In AFRID, there are no compensatory behaviors that are seen with other eating disorders, such as excessive exercise, bingeing, or purging. (1)

Symptoms of avoidant/restrictive food intake disorder

Physical symptoms of avoidant/restrictive food intake disorder

Non-specific gastrointestinal complaints

Common symptoms of ARFID are non-specific gastrointestinal issues that can result from an insufficient diet and can contribute to a lack of appetite. They include:

  • Acid reflux
  • Stomach cramps
  • Constipation
  • Bloating 

Cold intolerance

People with ARFID can be hypersensitive to the cold. This is because they are often underweight and, therefore, don’t have a layer of body fat to insulate the body or enough muscle mass to help the body produce heat through metabolism.

Additionally, hands and feet may also appear to be cold to the touch with a mottled appearance. (1) This is usually a sign of low blood pressure and the resultant poor circulation to the extremities.

Emotional and behavioral symptoms of avoidant/restrictive food intake disorder

Food related phobias

With ARFID, food restriction is motivated by fear of adverse consequences, such as food poisoning or illness, sensory sensitivity, or other food-related phobias, including: (4)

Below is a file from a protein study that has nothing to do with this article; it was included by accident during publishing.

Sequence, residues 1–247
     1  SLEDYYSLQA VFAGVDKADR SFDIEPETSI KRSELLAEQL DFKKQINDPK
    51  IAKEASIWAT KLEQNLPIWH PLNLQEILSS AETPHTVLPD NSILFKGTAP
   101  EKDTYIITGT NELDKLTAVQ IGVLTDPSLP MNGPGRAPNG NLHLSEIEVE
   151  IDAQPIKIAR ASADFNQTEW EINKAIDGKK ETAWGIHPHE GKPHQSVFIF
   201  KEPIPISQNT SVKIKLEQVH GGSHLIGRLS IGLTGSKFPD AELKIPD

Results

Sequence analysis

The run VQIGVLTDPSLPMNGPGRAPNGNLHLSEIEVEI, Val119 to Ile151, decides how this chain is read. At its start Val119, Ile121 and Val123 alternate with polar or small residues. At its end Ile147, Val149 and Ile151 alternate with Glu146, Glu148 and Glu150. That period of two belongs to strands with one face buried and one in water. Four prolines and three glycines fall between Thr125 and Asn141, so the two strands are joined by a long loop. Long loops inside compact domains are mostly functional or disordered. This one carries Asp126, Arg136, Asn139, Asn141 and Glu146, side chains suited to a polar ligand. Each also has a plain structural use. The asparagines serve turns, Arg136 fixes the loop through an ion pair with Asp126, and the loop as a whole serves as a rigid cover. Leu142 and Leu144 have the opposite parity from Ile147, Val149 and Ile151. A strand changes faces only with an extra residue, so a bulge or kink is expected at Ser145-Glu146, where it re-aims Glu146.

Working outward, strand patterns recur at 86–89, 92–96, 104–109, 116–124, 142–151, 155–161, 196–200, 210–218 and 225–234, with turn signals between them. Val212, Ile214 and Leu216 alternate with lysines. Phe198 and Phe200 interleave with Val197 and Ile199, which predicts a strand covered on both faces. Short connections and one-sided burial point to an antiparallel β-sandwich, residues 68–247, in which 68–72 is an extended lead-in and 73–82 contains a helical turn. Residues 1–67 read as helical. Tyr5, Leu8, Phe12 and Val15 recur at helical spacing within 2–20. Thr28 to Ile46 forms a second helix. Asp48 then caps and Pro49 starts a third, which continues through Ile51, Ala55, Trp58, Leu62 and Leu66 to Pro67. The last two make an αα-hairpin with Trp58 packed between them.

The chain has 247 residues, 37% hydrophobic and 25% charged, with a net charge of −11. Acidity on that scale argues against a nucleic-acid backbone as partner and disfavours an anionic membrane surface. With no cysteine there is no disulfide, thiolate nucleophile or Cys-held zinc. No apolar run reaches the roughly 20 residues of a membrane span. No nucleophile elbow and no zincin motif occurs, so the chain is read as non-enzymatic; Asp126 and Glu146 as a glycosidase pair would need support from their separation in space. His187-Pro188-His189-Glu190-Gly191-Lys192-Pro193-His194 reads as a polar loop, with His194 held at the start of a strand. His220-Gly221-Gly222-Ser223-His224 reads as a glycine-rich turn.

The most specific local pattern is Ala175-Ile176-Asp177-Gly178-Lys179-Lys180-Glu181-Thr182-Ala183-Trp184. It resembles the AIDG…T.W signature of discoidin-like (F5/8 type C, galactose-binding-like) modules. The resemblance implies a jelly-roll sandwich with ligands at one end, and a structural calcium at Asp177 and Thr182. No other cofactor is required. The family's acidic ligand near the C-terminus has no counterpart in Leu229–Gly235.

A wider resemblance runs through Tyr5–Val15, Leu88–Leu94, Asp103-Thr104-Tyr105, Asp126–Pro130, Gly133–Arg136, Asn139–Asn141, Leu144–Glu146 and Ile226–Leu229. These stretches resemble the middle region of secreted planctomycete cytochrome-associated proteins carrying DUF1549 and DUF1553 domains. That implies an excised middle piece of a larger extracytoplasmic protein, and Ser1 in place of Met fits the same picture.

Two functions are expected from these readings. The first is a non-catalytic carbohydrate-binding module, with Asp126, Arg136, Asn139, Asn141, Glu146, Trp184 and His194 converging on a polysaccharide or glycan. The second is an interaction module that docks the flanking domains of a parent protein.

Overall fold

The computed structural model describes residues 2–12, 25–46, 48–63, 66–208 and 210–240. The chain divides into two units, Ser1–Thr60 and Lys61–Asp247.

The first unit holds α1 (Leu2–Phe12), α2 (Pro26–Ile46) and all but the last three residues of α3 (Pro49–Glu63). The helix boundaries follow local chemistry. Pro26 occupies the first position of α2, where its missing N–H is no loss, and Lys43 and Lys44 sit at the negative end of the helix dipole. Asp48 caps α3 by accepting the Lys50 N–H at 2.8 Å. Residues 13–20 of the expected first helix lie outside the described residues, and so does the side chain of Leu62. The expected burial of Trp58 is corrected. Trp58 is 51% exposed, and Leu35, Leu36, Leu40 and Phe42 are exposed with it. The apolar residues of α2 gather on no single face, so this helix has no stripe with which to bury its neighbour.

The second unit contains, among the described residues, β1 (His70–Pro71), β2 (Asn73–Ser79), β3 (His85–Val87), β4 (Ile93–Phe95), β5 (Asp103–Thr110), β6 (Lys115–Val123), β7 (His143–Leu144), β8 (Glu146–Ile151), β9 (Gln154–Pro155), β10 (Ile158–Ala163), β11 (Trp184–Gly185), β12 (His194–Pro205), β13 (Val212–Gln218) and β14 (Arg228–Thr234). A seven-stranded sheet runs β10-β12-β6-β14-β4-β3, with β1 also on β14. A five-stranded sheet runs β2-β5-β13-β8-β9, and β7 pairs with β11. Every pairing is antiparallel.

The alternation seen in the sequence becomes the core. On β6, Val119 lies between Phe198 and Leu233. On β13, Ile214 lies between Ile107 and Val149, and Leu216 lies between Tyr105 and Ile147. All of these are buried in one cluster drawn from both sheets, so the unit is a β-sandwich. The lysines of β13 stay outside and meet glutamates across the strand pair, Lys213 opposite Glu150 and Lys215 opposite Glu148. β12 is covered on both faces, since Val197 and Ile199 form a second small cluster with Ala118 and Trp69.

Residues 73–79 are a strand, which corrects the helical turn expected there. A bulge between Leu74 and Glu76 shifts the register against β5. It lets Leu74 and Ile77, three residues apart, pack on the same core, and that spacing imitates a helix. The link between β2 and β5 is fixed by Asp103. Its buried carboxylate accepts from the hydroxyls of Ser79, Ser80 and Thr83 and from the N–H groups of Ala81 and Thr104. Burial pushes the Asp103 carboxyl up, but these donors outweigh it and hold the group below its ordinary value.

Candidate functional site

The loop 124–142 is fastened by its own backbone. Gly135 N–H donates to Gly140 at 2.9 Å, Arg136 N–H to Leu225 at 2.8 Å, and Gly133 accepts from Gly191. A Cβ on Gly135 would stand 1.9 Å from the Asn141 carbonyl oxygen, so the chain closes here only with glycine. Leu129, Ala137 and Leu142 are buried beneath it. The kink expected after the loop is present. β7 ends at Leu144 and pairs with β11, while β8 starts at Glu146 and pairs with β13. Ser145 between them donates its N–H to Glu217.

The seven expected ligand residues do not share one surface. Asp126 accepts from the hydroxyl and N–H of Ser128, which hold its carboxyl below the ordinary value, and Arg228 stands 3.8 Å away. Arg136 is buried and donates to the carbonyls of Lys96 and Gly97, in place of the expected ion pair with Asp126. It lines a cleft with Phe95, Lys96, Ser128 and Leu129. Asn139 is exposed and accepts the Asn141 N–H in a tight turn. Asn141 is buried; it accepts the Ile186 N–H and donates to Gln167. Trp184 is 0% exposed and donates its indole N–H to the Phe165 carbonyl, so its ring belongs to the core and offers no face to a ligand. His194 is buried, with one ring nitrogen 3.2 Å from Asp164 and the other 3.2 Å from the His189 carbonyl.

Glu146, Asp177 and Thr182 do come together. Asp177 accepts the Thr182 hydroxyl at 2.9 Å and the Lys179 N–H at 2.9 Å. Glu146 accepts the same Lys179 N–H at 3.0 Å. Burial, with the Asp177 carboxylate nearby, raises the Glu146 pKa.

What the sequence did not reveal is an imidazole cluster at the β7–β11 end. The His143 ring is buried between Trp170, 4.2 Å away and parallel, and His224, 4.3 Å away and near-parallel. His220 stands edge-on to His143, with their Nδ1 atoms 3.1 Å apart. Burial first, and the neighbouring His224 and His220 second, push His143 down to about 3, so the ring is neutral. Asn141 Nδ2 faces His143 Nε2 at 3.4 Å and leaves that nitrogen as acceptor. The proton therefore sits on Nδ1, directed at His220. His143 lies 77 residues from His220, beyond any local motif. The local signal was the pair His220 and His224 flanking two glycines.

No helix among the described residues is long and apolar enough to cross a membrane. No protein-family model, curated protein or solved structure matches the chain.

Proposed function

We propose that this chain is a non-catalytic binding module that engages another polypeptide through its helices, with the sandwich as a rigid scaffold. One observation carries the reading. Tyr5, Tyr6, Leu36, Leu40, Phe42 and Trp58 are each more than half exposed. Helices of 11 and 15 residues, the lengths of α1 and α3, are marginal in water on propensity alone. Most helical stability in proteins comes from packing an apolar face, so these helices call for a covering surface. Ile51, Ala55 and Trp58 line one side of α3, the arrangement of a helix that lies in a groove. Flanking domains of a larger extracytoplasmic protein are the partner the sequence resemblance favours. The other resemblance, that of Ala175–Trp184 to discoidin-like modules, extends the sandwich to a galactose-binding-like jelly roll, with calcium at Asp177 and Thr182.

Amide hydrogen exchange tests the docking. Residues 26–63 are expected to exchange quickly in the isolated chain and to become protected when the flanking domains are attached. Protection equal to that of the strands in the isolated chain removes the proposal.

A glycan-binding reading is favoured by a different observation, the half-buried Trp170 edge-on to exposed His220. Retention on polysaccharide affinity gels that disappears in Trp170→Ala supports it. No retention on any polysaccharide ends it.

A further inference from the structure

• Fear of vomiting or choking
  • Aversion to food with a certain texture, color, or smell
  • Avoiding a particular foodstuff or food group
  • Fear of eating with others

These fears can develop from a traumatic experience with food, like significant abdominal pain, choking, or even embarrassment, causing an individual to develop anxiety around food and eating. Others with ARFID may have more general anxieties about the consequences of eating that they can’t explain and restrict themselves to what they consider to be “safe” foods. (3)

Distress at meal times

Both adults and children with ARFID often report vague gastrointestinal problems at mealtimes, which have no known cause. These complaints can include feeling sick, an upset stomach, abdominal pain, and already feeling full and are designed to avoid eating. (6)

No body weight issues

ARFID is similar to anorexia nervosa in that there is a severe restriction of food intake. However, people with ARFID differ in that they don’t have anxiety or an obsession over their body weight or appearance, or fear of gaining weight. (7)